One of the existing systems for network performance testing is the Netcom SmartBits™ system. The Netcom SmartBits™ emerged as a default industry standard testing tool for generating large amounts of traffic on many ports and measuring the results for the network performance such as throughput, latency and jiter. The Netcom system generates packets with a fixed-length or variable-length packets while receiving packets, and provides a testing tool for multiple modular ports. However, the Netcom system requires using a separate testing device (testing cards) for each device under testing. On a receiving side, each testing card contains counters to monitor such parameters as a number of packets that were transmitted, a number of packets that were received, byte counts, and collisions, for example. In the Netcom system, a Windows programming interface allows to program individual cards, monitor their status, and view the network performance data generated on each card.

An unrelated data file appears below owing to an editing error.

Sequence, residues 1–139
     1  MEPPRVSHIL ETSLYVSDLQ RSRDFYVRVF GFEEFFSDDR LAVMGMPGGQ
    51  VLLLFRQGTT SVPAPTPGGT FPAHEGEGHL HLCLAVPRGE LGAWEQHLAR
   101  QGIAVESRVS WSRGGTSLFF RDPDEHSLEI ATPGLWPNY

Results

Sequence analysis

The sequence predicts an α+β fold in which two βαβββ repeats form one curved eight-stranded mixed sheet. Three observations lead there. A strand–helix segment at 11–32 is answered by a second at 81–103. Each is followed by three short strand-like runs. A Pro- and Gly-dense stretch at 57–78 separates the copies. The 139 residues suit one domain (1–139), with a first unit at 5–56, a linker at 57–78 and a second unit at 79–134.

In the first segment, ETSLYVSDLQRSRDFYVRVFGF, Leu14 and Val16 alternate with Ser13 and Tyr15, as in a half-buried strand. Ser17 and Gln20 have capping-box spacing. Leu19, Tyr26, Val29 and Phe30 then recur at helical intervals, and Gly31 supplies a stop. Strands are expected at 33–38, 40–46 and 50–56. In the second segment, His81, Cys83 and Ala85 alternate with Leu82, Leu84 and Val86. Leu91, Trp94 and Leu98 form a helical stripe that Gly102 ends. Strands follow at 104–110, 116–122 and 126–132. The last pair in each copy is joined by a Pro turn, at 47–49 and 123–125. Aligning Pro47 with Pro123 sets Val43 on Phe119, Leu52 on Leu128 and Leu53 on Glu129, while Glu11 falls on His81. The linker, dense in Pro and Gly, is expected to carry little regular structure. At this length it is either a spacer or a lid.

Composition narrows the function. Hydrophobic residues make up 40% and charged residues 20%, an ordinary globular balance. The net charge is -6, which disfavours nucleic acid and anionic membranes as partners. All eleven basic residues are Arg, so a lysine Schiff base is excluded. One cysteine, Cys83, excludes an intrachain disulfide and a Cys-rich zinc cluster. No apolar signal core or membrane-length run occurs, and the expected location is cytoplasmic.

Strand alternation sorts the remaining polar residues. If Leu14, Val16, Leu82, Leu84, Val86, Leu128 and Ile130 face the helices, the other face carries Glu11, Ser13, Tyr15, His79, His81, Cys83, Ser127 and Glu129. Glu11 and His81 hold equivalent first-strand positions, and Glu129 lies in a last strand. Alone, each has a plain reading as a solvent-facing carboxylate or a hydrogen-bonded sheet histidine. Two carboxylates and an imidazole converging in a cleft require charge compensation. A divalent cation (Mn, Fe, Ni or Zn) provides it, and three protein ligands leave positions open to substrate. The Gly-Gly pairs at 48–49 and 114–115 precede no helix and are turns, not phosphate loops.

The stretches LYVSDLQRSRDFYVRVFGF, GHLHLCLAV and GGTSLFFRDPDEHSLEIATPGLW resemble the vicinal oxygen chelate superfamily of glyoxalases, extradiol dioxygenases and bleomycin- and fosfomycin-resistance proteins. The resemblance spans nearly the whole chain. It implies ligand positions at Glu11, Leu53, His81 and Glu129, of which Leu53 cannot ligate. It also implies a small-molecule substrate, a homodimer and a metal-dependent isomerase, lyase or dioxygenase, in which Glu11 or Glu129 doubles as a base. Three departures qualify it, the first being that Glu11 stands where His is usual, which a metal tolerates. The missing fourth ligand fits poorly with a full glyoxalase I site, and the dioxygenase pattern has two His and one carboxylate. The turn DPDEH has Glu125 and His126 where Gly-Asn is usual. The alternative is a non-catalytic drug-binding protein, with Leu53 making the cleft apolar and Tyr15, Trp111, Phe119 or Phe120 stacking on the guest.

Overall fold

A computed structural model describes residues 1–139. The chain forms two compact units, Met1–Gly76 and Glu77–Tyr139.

However, the Netcom network testing systems are typically very expensive and limited in the sense that a network system requires a separate card for each network device to be tested in the network. In addition, there are other limitations associated with the Netcom system. Specifically, the Netcom cards place limitations on the types of traffic data that can be generated. For example, it is known in the art, that the Netcom system can generate data packets with IP headers, but cannot generate or test data using TCP sessions. Further, the packets generated on each card of the Netcom system have to be of one type, and sending a plurality of different packets using a single Netcom device is not possible.